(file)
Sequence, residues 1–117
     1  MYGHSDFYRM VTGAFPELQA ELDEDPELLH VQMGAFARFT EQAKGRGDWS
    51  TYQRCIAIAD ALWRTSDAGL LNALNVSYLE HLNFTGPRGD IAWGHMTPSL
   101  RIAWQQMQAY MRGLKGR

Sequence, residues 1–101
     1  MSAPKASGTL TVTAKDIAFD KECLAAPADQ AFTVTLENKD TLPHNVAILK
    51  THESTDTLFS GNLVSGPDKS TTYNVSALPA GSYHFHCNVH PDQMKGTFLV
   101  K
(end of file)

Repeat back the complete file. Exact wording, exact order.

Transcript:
Sequence, residues 1–117
     1  MYGHSDFYRM VTGAFPELQA ELDEDPELLH VQMGAFARFT EQAKGRGDWS
    51  TYQRCIAIAD ALWRTSDAGL LNALNVSYLE HLNFTGPRGD IAWGHMTPSL
   101  RIAWQQMQAY MRGLKGR

Sequence, residues 1–101
     1  MSAPKASGTL TVTAKDIAFD KECLAAPADQ AFTVTLENKD TLPHNVAILK
    51  THESTDTLFS GNLVSGPDKS TTYNVSALPA GSYHFHCNVH PDQMKGTFLV
   101  K